Home' Trinidad and Tobago Guardian : February 1st 2015 Contents A25
February 1, 2015 www.guardian.co.tt Sunday Guardian
CHARLES KONG SOO
There are 7.7 million new cases
of dementia each year worldwide,
with a new case of dementia
occurring in some part of the
world every four seconds.
For 2014, there were an esti-
mated 52.1 million people with
dementia worldwide. This number
will increase to an estimated 75.6
million in 2030, and 135.5 million
Dr Jennifer Rouse, director of
the Division of Ageing, Ministry
of Social Development said at
present, the elderly population of
T&T stands at 13.4 per cent or
177,000 people who are over the
age of 65 years.
The figure comes from the Cen-
tral Statistical Office, 2011.
Geriatric pyschiatrist Dr James
Bratt said that there may be an
estimated 17,600 people with
dementia in T&T.
He said the Dementia Research
Group of T&T was currently doing
a prevalence study to estimate
numbers in a scientific manner,
but their results haven t been pub-
Speaking to the Sunday
Guardian, neuropsychologist Anal-
isa Wittet from Caribbean
MedPsych said there are many
people who go undiagnosed for
dementia in the country and it s
an area lacking in T&T.
"That is one of the main reasons
why we re working on trying to
make diagnosis as early as possi-
dementia...and Alzheimer s being
the main form of dementia in T&T
tend to be diagnosed quite late,
so when symptoms are quite
severe they have a major impact
on their functioning.
"At this state when they go to
their nuerologist and have MRI
and CT scans, the progression of
the disease can be seen on brain
She said there had been
advances in the early detection
and monitoring of dementia and
one of the best early detection
methods for dementia was a neu-
Wittet said this evaluation has
become standard in assessing
dementia across the United States
She said as the elderly popula-
tion around the world was
expanding due to better health
care and generally living longer,
more people were being diagnosed
with dementia or suffering from
some cause of the disease.
Wittet said in the US, Canada
and the UK, these neuropsycho-
logical assessments are standard.
She said when people go to their
primary care physician or neurol-
ogist and say that they re having
difficulties, they re almost auto-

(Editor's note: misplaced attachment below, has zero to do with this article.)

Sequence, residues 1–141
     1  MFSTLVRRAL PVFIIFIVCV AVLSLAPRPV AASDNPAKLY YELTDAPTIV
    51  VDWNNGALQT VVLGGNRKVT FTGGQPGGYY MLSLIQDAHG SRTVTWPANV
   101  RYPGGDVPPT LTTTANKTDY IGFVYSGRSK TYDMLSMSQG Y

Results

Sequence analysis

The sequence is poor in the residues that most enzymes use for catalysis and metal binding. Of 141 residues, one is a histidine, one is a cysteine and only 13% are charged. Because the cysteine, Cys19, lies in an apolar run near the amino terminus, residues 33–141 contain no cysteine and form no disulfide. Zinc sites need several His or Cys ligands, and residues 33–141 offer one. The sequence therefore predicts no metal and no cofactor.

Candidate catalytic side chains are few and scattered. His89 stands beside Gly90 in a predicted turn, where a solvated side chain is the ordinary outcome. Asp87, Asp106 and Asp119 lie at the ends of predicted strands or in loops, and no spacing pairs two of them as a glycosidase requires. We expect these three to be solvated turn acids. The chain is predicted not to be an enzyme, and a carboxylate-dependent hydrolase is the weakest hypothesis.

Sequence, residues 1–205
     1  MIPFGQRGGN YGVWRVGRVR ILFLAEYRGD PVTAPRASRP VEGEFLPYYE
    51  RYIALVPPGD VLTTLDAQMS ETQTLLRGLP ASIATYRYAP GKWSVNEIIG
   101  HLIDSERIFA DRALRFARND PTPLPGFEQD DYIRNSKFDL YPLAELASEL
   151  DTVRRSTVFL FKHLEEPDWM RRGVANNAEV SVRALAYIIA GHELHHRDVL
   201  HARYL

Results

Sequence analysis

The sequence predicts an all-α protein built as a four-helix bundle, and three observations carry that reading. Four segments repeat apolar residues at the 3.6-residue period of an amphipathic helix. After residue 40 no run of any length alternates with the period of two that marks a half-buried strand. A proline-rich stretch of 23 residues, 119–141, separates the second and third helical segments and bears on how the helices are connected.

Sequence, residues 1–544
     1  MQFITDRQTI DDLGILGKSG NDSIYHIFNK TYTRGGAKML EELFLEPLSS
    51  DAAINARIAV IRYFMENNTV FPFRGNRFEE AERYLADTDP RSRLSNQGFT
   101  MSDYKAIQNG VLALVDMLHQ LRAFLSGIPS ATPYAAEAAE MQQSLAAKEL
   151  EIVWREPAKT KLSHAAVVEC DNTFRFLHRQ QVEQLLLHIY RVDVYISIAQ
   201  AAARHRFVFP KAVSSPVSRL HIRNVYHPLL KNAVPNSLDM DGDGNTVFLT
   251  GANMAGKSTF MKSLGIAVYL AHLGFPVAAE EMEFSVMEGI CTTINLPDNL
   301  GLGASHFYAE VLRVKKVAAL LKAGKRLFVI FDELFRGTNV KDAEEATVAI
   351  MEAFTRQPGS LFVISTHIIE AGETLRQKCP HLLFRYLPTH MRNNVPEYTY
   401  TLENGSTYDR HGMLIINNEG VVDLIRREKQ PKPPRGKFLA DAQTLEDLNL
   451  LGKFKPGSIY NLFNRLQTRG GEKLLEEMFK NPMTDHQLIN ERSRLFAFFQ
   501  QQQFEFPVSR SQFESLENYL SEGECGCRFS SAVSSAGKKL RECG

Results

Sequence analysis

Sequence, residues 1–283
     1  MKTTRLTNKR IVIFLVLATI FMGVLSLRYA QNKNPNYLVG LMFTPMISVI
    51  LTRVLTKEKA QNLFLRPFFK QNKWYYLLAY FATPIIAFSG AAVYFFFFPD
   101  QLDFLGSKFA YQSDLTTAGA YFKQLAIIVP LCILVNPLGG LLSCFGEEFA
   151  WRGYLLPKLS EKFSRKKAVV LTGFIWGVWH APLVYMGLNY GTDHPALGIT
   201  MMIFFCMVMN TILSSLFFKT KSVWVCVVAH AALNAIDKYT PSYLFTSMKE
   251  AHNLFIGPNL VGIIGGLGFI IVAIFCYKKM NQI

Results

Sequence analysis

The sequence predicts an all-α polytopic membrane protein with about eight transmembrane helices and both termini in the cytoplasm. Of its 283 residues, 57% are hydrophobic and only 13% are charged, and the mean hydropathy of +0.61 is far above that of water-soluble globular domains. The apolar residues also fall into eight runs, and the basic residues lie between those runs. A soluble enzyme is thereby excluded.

matically referred for more in-
depth evaluation or functioning.
Wittet said neuropsychologists
were still trying to introduce that
practice to T&T and educate peo-
ple of the benefits of having a
comprehensive evaluation, espe-
cially in cases where they were
not quite sure if it was early onset,
to rule out or confirm whether
they have dementia.
She said while there were several
types of dementia, Alzheimer s
disease was the most common
form of dementia.
Wittet said dementia was the
decline in mental function but
was enough to affect daily life and
She said sometimes when peo-
ple are diagnosed with dementia
they don t truly understand what
their strengths and weaknessess
are and they just assume that the
diagnosis means the end of the
Dementia can affect
people in their 40s and 50s
Wittet said dementia mainly
affects older people, however some
people can develop symptoms
before the age of 65.
She said this was a small group
accounting for approximately five
per cent of the Alzheimer s pop-
She said in these cases people
can develop symptoms in their
40s and 50s.
Wittet said Caribbean
MedPsych tests their functioning,
pulls out their strengths and uses
them in the clinic s therapy and
treatment working to improve
their overall quality of life.
'Close to 18,000 people
living with dementia in T&T'
s s s s
Most people with dementia...and Alzheimer's being the main form of dementia in T&T tend to be diagnosed quite late, so
when symptoms are quite severe they have a major impact on their functioning.
"At this state when they go to their nuerologist and have MRI and CT scans, the progression of the disease can be seen on
Neuropsychologist Analisa Wittet from Caribbean MedPsych.
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Continues on Page A26
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